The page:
BALTIMORE SUN / TRIBUNE NEWS SERVICE
Orioles pitcher Kevin Gausman (No. 39, above) pitches in front of an empty Camden Yards on Wednesday, April 29, in Baltimore’s game against the Chicago White Sox. The game was closed off to fans due to riots and unrest in the city. BALTIMORE SUN / TRIBUNE NEWS SERVICE

On Wed. April 29, everything was in place at the Oriole Park in Camden Yards for a beautiful spring baseball game between the Baltimore Orioles and Chicago White Sox.

Everything, that is, except for the fans.

Excluding the press reporters and scouts sitting behind home plate, the Orioles played what would become a 8-2 victory against the White Sox in front of 45,971 empty stadium seats, making this the first known MLB game to be held without any spectators.

The Orioles announced that day before the game that they would not be admitting fans due to safety concerns stemming from the ongoing riots in the Baltimore area. Rioting, looting and unrest began on Monday in response to the death of Freddie Gray, who died from a spinal cord injury while in police custody.

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“After conversations with the Orioles and local officials, we believe that these decisions are in the best interests of fan safety and deployment of city resources,” baseball commissioner Rob Manfred said in an interview with the New York Times

Despite the empty seats the usual game traditions were held, such as walk-up music, PA announcements and the playing of the “Cotton Eyed Joe.”

What should have been a fun spring baseball game is sounding more and more like a tragic scene from the “Walking Dead.” Imagine the eerie sound of the song playing for nobody to dance to? Or the sports announcers trying to hype of a game that’s dead silent on the field? It is just strange.

“When you listened to the game it sounded like you were watching golf,” sophomore biology major Raktim Ghosh said.

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While this concept of playing games is novel in American baseball, European soccer teams have previously played matches in front of empty stadium seats in response to excessive fan violence. In March 2010, a French Ligue 1 soccer match between OGC Nice and Paris Saint-Germain F. C. was played for an empty stadium. Citizens of Nice had previously stormed the field and attacked attendees, causing the match to be closed-off to spectators.

Nothing like this has ever been practiced in American sports, and while the circumstances may have called for fans to be denied access, it is a tough pill to swallow considering the Baltimore Police tweeted there was “no protest activity” a few hours before the start of the game. Even still, for the players sake, it is better safe than sorry.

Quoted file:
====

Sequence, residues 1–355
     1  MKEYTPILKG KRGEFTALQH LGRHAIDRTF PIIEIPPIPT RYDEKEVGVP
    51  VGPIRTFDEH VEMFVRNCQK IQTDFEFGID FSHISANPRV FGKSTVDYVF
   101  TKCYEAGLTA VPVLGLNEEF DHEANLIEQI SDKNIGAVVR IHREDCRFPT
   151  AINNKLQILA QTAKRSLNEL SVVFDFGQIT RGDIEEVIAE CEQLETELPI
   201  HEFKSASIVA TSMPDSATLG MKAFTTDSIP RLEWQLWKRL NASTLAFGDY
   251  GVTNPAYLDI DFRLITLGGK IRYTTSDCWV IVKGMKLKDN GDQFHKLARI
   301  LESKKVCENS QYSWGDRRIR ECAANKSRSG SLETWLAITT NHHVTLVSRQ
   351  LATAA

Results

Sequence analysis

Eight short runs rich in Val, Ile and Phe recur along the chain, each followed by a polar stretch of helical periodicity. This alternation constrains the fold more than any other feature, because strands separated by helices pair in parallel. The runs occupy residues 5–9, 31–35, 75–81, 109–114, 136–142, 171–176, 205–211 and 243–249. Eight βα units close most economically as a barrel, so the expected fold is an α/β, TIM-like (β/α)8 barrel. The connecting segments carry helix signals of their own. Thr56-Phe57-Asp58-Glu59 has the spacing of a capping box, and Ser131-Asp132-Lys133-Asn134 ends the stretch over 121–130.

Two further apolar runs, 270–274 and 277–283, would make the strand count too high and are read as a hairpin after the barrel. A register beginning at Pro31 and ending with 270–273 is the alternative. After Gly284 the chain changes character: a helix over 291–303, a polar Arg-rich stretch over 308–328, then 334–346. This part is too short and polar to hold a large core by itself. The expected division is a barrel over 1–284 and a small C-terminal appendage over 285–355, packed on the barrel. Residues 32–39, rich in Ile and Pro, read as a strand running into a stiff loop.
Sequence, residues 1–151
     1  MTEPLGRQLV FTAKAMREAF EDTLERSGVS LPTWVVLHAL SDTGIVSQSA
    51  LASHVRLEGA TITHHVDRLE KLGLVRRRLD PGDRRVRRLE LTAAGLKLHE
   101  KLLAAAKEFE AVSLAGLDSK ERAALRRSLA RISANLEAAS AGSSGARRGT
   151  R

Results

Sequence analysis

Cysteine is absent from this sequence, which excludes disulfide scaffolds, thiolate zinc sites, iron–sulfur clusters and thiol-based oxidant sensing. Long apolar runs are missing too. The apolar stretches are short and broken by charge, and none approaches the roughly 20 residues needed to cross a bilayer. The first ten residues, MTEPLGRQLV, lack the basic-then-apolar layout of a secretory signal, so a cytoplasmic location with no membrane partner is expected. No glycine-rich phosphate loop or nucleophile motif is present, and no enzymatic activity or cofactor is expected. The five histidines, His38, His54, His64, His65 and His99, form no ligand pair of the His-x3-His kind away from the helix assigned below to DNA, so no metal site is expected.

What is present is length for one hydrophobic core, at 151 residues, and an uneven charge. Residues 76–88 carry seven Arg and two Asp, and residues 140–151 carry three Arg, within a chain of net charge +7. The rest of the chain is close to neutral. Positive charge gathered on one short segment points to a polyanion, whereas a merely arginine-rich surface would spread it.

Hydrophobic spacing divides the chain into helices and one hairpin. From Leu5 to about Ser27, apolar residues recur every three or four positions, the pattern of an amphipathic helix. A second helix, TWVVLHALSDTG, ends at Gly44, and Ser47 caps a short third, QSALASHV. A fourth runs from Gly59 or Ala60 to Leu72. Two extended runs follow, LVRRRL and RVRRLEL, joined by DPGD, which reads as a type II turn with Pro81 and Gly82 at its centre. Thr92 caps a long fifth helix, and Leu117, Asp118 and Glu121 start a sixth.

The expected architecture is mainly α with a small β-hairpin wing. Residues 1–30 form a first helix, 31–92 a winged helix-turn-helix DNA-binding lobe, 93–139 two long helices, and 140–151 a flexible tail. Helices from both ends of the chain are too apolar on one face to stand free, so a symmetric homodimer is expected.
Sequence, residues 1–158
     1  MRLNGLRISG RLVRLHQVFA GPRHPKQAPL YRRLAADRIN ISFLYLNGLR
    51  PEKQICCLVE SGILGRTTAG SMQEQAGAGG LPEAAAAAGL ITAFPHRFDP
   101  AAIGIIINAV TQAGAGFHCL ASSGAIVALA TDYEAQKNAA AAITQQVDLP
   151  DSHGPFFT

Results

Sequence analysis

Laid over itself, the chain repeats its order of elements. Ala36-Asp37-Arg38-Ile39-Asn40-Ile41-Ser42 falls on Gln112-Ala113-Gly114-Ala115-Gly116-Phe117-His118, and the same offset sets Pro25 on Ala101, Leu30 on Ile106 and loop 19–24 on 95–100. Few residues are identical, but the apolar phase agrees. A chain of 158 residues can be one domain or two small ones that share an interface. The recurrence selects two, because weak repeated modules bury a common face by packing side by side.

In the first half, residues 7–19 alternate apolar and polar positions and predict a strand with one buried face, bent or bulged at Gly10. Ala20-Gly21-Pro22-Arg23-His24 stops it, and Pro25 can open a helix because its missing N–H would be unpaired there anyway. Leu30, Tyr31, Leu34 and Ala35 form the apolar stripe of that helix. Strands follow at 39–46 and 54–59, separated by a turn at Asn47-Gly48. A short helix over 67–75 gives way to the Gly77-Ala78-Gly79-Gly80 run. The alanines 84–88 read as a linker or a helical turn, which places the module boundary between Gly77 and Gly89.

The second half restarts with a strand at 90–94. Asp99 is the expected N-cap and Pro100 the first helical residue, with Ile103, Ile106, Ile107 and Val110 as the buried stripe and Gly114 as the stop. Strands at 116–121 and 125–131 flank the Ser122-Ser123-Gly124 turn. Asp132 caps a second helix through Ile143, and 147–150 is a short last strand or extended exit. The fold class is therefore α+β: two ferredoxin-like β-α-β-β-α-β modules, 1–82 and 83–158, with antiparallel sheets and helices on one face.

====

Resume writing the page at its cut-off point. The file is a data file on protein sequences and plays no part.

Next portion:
“I’m not sure if the MLB really had a choice if they thought it wouldn’t be safe for fans to attend the game,” Eric Golderman, an ex-first baseman, pitcher and catcher for SUNY Binghamton’s baseball team, said. “I agree with it closing because they are looking out for the player’s safety.”

In an interview with The New York Times, Adam Jones, the Orioles’ center fielder, said he understood the frustration being expressed by the city’s youth, though he disagreed with the destruction of proper done to the city. Jones hoped that their baseball game might be a healthy distraction from the city’s current situation, saying that sports “unite communities in small time.”

Even with the closing of the stadium and rioting in the city, the spirits of Orioles and White Sox fans refused to waver. Fans gathered around the stadium, pressed against the left-center field fences, cheering on their team with just as much gusto and spirit they would have had sitting in the stands.

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The players tried to make light of the situation as well. Caleb Joseph, the Orioles’ catcher, was giving out imaginary high-fives to fans, signing make-believe autographs and even tossed some baseballs into the stands for the nonexistent fans between innings.

“Laughter does something for the soul,” Joseph said to The New York Times.

While the game may have had to go on without its fans, the day was still one to remember. The idea of two prominent major league teams playing in an empty stadium is a pretty silly concept, and considering the issues Baltimore is facing right now, maybe a silly, laughable baseball game is just what the city needed.

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